People benefitted from a service that was appropriately managed by the person in charge so that they received their service in a timely and reliable way. People knew how to raise concerns and complaints and the provider had appropriate policies and procedures in place to manage such eventualities.

People’s views about the quality of their service were sought and acted upon. There were systems in place to assess and monitor the on-going quality of the service.

Inspection carried out on 27 and 28 May 2015

During a routine inspection

This unannounced inspection took place on the 27 and 28 May 2015.

Abington Park View accommodates and provides care for up to 26 older people, most of whom have dementia care needs. There were 21 people in residence during this inspection.

A registered manager was in post. A registered manager is a person who has registered with the Care Quality Commission (CQC) to manage the service. Like registered providers, they are ‘registered persons’. Registered persons have legal responsibility for meeting the requirements in the Health and Social care Act 2008 and associated regulations about how the service is run.

People were assured that there were sufficient numbers of staff that had acquired the skills they needed through training and experience to meet their needs. Recruitment procedures were robust and protected people from the poor practice of unsuitable staff compromising their safety.

People benefitted from receiving care from staff that understood their duties and carried them out efficiently. Their manner was friendly and they encouraged people to retain as much independence as their capabilities allowed.

People’s care plans reflected their individuality and their needs were regularly reviewed. People benefited from receiving care from staff that listened to and acted upon what they said, including the views of their relatives, friends, or significant others. There were spontaneous as well as regularly organised activities to stimulate people’s interest.

People’s healthcare needs were met. Community based healthcare professionals were appropriately consulted and their advice and prescribed treatments acted upon, to help sustain people’s health and wellbeing.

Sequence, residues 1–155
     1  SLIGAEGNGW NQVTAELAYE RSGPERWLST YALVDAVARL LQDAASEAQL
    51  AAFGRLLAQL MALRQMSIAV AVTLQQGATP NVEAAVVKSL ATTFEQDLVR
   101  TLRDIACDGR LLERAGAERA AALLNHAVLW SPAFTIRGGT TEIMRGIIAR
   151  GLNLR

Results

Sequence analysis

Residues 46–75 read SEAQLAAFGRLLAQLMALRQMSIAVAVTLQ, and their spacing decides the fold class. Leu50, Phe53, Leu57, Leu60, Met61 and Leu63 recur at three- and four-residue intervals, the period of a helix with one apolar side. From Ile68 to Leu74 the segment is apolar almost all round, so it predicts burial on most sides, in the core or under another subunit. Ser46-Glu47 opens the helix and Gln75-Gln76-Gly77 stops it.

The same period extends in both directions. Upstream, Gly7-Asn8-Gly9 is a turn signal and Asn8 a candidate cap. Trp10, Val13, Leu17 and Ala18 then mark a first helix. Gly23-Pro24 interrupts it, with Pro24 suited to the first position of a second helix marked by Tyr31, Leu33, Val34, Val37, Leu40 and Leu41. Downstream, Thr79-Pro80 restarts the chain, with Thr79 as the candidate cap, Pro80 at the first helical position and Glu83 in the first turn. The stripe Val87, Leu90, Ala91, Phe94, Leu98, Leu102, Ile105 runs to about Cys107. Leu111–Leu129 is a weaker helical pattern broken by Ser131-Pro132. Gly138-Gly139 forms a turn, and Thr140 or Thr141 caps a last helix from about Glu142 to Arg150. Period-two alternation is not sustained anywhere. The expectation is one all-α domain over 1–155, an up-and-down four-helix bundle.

People enjoyed their food. They enjoyed a varied and balanced diet to meet their nutritional needs. Meal portions suited people’s appetites and choices of food suited people’s individual preferences and tastes. Snacks were readily available. People who needed support with eating or drinking received the help they required.

People’s medicines were securely stored and there were suitable arrangements for the disposal of discontinued medicines. Medicines were competently administered by staff in a timely way.

People and their representatives knew how and who to complain to. They were assured that they would be listened to and that appropriate remedial action would be taken to try to resolve matters to their satisfaction.

People’s quality of care was effectively monitored by the audits regularly conducted by the registered manager and the provider. They benefitted from receiving care from staff that were supported and encouraged by the provider and the registered manager to do a good job caring for older people.

Inspection carried out on 19 April 2013

During a routine inspection

We spoke with several people who lived at Abington Park View. They told us that they were happy living at the home. Two people told us that they had meetings with staff and talked about activities, and changes that were happening in the home. People told us that the staff were very nice. One person said, �They talk and listen to me and help me to get washed and dressed�. They also told us that the staff did activities with them and they enjoyed this. Another person said, �I keep my room clean and I take my own medication�.

People told us that they knew how to make a complaint to the provider if they had any concerns. However they told us that they had no complaints and they liked living at the home. They also told us that the food was very good and they had a choice of meals. A relative told us that they noticed that the staff were very attentive when assisting people at lunch time. Another relative told us the staff were very caring and spoke to them and their family member in a dignified manner. They also said that the new provider had made lots of changes to the environment to make the place look homely.

Inspection carried out on 28 December 2012

During an inspection in response to concerns

People we spoke with told us that the staff spoke to them in a kind manner and respected their privacy and dignity by knocking on their door before they entered their room. They also told us that they felt safe living at the home and most of them were happy with their care.

Some of the people we spoke with told us that �the food is good�. They also told us that the staff were �good and very caring� and helped them with their personal care needs.

We spoke to two relatives of people living at the home and they told us that the new providers had put a lot of work in the home by decorating the place. They said the place was �looking very homely and comfortable and they had fixed all the radiators�. They told us that they found the provider of the home listened to them.

However, we found that there were not enough staff to meet the needs of people in the home on the day of the site visit. We also found that not all staff had received up to date training to meet people�s needs. We found that information about incidents that happened in the home was not always being recorded. We were therefore unable to find out what action had been put in place by the provider to keep people safe.